Cassava chips or crackers that are ready-to-eat

​​​​Cassava chips

Back to Tests applied to risk food

Reference CAS 09/2016

All imported food must comply with Australia’s biosecurity requirements.

Check the Biosecurity Import Conditions system (BICON) to determine if the food you intend to import requires an import permit or a treatment or if it must meet any other conditions. All biosecurity requirements must be met before Imported Food Inspection Scheme requirements apply.

Imported Food Inspection Scheme risk food

Chips, crackers and snacks made from sweet cassava (also known as tapioca, manioc, mandioca, aipim or yuca) that are packaged and ready to eat with no further preparation required are classified as risk food. This includes:

  • packaged and ready to eat cassava chips or crisps
  • packaged and ready to eat cassava crackers; for example, ‘vege’ crackers
  • packaged and ready to eat snacks from cassava.

Food excluded from this testing  

  • raw cassava
  • cassava pellets or cassava chips that are for use in further processing
  • mixed foods that contain cassava chips.

Risk food sampling

When goods are referred for inspection and testing, an authorised officer:

  • will take samples for each product type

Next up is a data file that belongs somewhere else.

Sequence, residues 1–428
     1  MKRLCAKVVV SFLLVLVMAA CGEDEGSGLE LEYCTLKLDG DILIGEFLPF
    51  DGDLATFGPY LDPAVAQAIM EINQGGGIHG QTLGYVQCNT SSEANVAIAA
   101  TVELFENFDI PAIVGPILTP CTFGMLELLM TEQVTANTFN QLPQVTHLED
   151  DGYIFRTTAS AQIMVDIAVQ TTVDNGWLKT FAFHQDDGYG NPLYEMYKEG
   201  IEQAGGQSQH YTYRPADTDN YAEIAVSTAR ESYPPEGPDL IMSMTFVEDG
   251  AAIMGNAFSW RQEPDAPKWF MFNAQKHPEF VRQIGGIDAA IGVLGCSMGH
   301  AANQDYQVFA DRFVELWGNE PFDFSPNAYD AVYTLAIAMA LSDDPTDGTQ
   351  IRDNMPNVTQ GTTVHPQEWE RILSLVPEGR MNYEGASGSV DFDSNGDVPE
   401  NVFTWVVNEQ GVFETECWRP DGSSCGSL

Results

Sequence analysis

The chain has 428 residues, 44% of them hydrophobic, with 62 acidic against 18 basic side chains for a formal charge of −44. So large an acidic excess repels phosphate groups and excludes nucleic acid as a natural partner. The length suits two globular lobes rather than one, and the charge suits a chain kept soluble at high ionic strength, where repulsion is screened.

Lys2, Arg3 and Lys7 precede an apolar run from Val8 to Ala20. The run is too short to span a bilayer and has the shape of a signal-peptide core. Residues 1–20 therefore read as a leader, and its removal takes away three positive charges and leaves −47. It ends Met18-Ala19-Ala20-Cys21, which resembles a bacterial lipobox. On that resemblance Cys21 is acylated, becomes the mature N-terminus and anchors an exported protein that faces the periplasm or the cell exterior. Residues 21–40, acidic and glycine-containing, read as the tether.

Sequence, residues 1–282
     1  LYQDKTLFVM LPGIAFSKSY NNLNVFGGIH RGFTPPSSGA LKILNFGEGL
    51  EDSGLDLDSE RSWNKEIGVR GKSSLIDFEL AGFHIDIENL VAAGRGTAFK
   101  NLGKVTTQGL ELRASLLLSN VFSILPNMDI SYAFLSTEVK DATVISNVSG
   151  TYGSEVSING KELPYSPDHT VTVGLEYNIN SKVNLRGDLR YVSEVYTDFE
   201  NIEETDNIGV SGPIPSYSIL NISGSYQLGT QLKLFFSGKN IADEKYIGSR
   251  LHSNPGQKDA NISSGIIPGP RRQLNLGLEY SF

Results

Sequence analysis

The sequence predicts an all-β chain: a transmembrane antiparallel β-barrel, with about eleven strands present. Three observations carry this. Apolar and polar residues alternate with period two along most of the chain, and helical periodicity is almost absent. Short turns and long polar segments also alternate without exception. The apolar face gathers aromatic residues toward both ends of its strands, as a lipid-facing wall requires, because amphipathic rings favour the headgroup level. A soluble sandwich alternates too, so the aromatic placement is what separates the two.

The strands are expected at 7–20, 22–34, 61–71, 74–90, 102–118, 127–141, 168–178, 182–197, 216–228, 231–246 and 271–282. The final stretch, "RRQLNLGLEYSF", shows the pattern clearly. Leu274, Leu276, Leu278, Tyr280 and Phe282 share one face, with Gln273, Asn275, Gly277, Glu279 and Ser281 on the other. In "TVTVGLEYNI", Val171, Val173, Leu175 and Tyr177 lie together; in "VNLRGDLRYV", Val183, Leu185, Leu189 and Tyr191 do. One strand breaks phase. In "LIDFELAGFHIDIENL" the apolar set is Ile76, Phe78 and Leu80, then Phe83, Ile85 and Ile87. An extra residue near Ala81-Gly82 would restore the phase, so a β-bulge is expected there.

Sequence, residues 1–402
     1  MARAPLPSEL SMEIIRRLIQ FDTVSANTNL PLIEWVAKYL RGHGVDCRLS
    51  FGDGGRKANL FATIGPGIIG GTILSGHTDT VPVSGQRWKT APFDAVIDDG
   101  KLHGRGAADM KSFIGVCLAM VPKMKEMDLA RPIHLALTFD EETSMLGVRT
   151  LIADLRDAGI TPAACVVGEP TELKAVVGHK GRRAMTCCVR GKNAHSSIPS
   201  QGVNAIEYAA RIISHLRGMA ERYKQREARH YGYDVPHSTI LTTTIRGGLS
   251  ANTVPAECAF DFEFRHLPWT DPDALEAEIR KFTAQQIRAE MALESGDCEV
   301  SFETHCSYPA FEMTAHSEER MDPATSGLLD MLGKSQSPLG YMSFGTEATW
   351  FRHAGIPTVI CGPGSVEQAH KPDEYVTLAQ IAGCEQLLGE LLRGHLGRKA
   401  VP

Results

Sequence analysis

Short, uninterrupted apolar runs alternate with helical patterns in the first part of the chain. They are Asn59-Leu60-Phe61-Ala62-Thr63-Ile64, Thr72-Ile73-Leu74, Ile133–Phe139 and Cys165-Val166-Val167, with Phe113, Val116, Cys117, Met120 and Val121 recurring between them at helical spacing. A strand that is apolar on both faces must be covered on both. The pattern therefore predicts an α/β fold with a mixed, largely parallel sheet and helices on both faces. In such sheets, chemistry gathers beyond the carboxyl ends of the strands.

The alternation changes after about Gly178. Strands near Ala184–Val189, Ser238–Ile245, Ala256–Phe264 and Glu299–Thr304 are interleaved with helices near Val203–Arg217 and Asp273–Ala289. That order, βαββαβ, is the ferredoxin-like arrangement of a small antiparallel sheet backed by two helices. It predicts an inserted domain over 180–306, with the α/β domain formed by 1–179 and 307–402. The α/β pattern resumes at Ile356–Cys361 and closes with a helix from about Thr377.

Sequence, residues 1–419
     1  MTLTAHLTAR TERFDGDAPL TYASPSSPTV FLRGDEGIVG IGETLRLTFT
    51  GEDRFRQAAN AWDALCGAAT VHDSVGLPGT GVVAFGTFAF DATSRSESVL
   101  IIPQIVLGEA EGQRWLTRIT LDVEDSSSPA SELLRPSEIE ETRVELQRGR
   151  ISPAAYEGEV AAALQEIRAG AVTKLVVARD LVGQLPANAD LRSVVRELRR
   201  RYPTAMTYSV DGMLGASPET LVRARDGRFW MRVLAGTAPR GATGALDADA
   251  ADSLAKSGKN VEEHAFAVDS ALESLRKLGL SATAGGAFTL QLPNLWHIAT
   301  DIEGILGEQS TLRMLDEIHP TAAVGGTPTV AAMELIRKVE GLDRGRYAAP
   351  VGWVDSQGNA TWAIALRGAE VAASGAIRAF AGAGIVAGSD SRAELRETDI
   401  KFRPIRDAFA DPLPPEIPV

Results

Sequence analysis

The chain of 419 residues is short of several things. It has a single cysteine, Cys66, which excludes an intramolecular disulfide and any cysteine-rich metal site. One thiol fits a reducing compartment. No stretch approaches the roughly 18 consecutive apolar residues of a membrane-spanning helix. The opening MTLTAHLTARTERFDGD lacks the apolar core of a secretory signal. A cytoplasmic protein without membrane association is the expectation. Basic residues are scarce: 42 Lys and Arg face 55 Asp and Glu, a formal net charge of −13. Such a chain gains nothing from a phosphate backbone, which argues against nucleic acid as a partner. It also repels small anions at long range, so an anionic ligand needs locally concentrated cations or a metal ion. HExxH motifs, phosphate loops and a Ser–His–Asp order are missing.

• will take five sample units per lot for analysis.

For more detail on sampling refer to Imported Food Notice 03-11 Food sampling under the Imported Food Inspection Scheme.

Hazard testing

Table 1 shows risk food tests applied to imported ready to eat cassava chips and permitted results.

Table 1 Hazard, test applied and permitted result


Test applied

Permitted result

Hydrocyanic acid

Hydrocyanic acid

Maximum level 10 mg/kg

Label and composition assessment

Food Standards Code chapters 1 and 2

Visual assessment

Imported Food Control Act 1992 section 3(2)(a)(vii) and 3(2)(b)

Version history


Amendment details


CAS 05/2014

Replaces Imported Food Notice 09/12 Tests applied to risk category foods


CAS 09/2016

Amendment to advise that sweet cassava is also known as tapioca, manioc, mandioca, aipim or yuca

Last reviewed: 4 November 2019
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